Tales from the Prep Room: Lighting a match


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Andrew Marmery
London, UK
Filmed in:
The Prep Room


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Tales from the Prep Room

cc_by-nc-sa License: Creative Commons



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I've just sent the better of my hot plates to Japan.

None of this stuff is quite straight.

This is my apparatus for, which we're going to use to light a match with water. Sounds an improbable thing to do, but that's what's going to happen hopefully. I have never actually done this before, so maybe it won't happen, but we'll see.

So we're going to boil water in here, over a Bunsen. The steam is going to boil off, flow through these tubes, into the coil, and out here. And while it's flowing around the coil, we're going to try and superheat it with a blowtorch. So when it comes out, it's a few hundred degrees centigrade. And hopefully that will be enough to light a match.

Of course it would have been helpful if I'd filled that from the hot tap.

Oop. Classic schoolboy error.

OK. That will take a couple minutes to come to the boil, I think.

You can't normally light a match with water, or even steam. Because it's just not hot enough. The normal steam you get off boiling water will condense pretty much immediately on anything because it's only just above its boiling point. So as soon as it hits anything cooler, it will just condense.

It's getting hotter quickly, actually. We want to really heat the steam up to a few hundred degrees. At which point, hopefully we'll exceed the autoignition temperature of the head of the match.

So the head will have a temperature at which, if you raise it to that temperature, it will spontaneously ignite. And that's what we're trying to do. Just to heat this water hot enough that that will happen.

OK. So the thermometer is reading quite a lot less than 100 degrees. But that's probably not really a surprise. We've got this huge coil, which at the moment is acting like a condenser. So we're probably not getting water above 100 degrees out the end. Which is where the blowtorch comes in.

So you saw just now, before I started using the blowtorch, there was a lot of condensed water dripping out the end of the pipe. The plume of droplets, the plume of water mist that you saw coming out as the water condensed, is now pretty much disappeared completely. Because it's now too hot, and it's not condensing when it comes out at the end of the pipe.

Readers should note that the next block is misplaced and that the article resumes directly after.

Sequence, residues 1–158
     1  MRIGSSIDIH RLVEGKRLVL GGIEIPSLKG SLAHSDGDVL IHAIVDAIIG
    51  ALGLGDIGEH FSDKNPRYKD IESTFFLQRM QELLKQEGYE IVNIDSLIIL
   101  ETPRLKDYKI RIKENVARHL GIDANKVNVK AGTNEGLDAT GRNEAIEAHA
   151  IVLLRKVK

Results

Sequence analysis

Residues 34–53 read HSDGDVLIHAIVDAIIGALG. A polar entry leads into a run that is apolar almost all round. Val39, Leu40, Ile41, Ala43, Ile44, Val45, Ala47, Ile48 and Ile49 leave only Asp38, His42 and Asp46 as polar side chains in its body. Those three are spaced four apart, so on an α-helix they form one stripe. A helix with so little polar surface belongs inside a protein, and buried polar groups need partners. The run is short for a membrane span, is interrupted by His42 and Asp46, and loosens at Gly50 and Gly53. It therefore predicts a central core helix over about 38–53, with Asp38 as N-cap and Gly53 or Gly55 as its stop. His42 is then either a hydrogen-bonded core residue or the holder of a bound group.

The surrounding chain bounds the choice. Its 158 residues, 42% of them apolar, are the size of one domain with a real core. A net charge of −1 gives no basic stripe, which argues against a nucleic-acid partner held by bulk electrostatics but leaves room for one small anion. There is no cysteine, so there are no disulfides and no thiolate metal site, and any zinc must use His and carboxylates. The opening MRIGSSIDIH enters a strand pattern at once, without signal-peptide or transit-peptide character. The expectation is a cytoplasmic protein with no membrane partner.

It's a bit of a problem juggling all these extremely hot objects. But - I'll probably just take the blowtorch away while I do this. Oh. Not bad. I've never seen a match do that before. It sort of smoldered without igniting. Didn't know that was possible.

I wasn't convinced that there was enough heating going on there. So I've got another Bunsen out. We'll see how we get on with that. So I've set the water boiling off again. Let's light this other Bunsen.

Now we've got our copper coil actually glowing red hot. So I think this is going to do the job now. I don't think it is that easy to melt copper. I think it'll radiate a lot of heat before it gets to that point.

OK. So let's give the thermometer a go. See if we're - see how hot we might be. It's really racing up. Nope. Hm. I see. Well, I've learned something new today. I've learnt that my thermometer only goes up to 200 degrees. So we've maxed it out.

Oh. There we go. That's a really interesting observation, actually. And I think that the problem we had before was not so much that it wasn't hot enough, but that I was just holding the match too directly in the stream of steam. And not pulling out as it started to smolder.

And obviously, there is no oxygen in what's coming out of here. This is pure gaseous water. So there's no oxygen there. So the match wasn't actually able to ignite. And I think that was probably the problem.

And now: A, we've increased the heat. But B, if I just stick it into the stream and then withdraw it, to allow the air to get to it, at that point the match ignites.

About this video

Lighting a match with water.

Ri Demo Technician Andy Marmery shows us how to light a match without striking it. Using a Bunsen burner, a blowtorch and a super heated copper coil, Andy ignites the match in a stream of pure gaseous water. 

The key to producing a flame is getting the water hot enough so that it exceeds the match’s auto-ignition temperature – the temperature at which it will spontaneously ignite in a normal atmosphere without an external source of ignition.

To activate this reaction, Andy boils the water and superheats the copper coil through which the steam passes. The temperature of the steam exiting the coil is high enough to ignite the match – as long as the match is moved back out of the stream and into the oxygen present in the Prep Room air.

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